Wednesday, 27 May 2015

FBI Push To Weaken Cell Phone Security, Skirt Encryption Alarms Privacy Advocates

The FBI’s push to ensure a backdoor into cellphones so that federal agents can skirt around tricky encryption technology in order to track terrorists is evoking backlash from privacy groups and technology companies.

Last fall, FBI Director James B. Comey said he wanted to work together with technology companies to find a way for investigators to unlock the photos, emails and contacts stored in cellphones when tracking down terrorists. That information is especially valuable at crime scenes, discovered on battlefields or when taken from a suspect.

Mr. Comey said companies like Apple and Google had “gone too far” in offering fully encrypted cellphones that neither the FBI nor the companies selling the devices could crack. Suggestions have been made that American companies should refrain from providing any products secured by encryption unless they also weaken their security so they are able to decrypt their customers’ data at the government’s request.

Now, just as new terror threats against the homeland are resurfacing, advocates of encryption technology are asking President Obama to reject any proposal from the FBI or other administration officials that deliberately aims to weaken the security of cellphones and other technology products.

“Whether you call them ‘front doors’ or ‘back doors,’ introducing intentional vulnerabilities into secure products for the government’s use will make those products less secure against other attackers,” more than 60 privacy advocates and computer experts said in a May 19 letter addressed to President Obama. “Every computer security expert that has spoken publicly on this issue agrees on this point, including the government’s own experts.”

The letter went on to read: “We urge you to reject any proposal [in which] U.S. companies deliberately weaken the security of their products. We request that the White House instead focus on developing policies that will promote rather than undermine the wide adoption of strong encryption technology. Such policies will in turn help to promote and protect cybersecurity, economic growth, and human rights, both here and abroad.”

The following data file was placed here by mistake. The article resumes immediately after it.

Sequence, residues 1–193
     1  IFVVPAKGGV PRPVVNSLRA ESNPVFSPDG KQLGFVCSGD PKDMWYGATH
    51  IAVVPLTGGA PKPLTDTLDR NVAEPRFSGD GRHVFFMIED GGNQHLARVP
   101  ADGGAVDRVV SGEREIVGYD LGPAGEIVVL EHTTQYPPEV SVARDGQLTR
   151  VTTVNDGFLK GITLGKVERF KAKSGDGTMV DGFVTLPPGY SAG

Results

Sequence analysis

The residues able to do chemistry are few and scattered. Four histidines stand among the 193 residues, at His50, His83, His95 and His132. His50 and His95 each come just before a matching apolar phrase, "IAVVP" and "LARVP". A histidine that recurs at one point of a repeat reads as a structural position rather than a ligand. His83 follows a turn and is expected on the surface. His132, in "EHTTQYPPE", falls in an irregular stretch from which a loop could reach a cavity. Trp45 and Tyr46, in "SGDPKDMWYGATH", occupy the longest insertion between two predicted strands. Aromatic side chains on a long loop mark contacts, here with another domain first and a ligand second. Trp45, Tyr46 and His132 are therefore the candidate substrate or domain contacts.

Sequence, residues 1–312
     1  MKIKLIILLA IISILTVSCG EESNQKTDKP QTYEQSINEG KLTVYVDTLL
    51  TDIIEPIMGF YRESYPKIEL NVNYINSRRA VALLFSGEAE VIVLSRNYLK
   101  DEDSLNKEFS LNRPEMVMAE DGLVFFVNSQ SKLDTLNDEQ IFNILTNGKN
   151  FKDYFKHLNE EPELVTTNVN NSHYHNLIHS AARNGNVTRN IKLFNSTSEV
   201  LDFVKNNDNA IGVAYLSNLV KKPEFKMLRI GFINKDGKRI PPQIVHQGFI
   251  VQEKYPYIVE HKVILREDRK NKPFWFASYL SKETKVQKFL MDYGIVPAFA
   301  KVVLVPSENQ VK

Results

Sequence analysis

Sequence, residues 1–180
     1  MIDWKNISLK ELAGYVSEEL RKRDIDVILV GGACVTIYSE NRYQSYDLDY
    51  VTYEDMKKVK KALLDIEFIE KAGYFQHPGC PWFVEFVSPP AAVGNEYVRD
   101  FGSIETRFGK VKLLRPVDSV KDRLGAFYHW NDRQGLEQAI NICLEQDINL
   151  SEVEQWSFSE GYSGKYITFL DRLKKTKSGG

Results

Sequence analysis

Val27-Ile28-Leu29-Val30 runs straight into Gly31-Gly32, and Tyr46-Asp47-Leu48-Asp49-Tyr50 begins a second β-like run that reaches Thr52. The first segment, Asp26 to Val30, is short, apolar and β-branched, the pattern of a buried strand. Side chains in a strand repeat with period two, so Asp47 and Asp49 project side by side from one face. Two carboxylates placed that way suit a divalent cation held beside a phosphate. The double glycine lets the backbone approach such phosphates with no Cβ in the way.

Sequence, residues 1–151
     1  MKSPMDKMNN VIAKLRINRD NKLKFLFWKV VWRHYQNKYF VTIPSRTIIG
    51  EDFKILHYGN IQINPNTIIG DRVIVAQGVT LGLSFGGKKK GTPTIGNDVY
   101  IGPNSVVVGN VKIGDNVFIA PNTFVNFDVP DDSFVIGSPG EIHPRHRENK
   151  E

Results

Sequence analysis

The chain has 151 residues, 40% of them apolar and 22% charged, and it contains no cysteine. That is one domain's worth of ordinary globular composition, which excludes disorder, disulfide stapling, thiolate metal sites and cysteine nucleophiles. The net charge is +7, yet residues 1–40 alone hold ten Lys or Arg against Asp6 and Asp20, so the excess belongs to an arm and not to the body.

The renewed push to block the FBI from skirting around encryption technology walls surfaced less than a week before the U.S. and Canada had to scramble jets to intercept commercial aircraft after someone claimed that chemical weapons were on board. The new threat surfaced Memorial Day, when thousands of Americans were returning from holiday vacations.

Federal authorities were eventually able to determine the threat was not credible, said a law enforcement official familiar with the FBI’s ongoing investigation.

Still, if the threat is credible, encryption technologies hinder authorities who need to track down a terrorist cell or a lone-wolf agitator determined to commit a horrific attack, said Ron Hosko, president of Law Enforcement Legal Defense Fund and the FBI’s former assistant director.

The FBI typically operates in “response mode” to the multiple threats that criminal actors and extremist organizations launch against the homeland, he said.
Those agents need to be able to quickly track potential terrorists and bypass technology roadblocks, like cellphone encryption software, in order to locate the conspirators involved in trying to kill — or merely rattle — thousands of Americans.

However, if the FBI is allowed to enter an individual’s cellphone through less encryption, a foreign entity or hacker looking to crack into the device will also have an easier time, civil liberties advocates warn.